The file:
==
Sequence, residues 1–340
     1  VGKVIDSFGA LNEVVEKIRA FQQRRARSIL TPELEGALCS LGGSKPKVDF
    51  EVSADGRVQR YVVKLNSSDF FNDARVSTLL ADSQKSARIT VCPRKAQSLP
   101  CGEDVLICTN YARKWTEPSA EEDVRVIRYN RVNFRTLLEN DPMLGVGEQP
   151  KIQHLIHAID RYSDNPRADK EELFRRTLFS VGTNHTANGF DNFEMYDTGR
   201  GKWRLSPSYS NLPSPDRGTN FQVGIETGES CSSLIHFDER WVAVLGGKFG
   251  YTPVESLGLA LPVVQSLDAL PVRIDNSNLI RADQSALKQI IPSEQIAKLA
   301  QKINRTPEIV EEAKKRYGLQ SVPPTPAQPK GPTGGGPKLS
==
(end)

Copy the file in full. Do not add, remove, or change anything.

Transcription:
Sequence, residues 1–340
     1  VGKVIDSFGA LNEVVEKIRA FQQRRARSIL TPELEGALCS LGGSKPKVDF
    51  EVSADGRVQR YVVKLNSSDF FNDARVSTLL ADSQKSARIT VCPRKAQSLP
   101  CGEDVLICTN YARKWTEPSA EEDVRVIRYN RVNFRTLLEN DPMLGVGEQP
   151  KIQHLIHAID RYSDNPRADK EELFRRTLFS VGTNHTANGF DNFEMYDTGR
   201  GKWRLSPSYS NLPSPDRGTN FQVGIETGES CSSLIHFDER WVAVLGGKFG
   251  YTPVESLGLA LPVVQSLDAL PVRIDNSNLI RADQSALKQI IPSEQIAKLA
   301  QKINRTPEIV EEAKKRYGLQ SVPPTPAQPK GPTGGGPKLS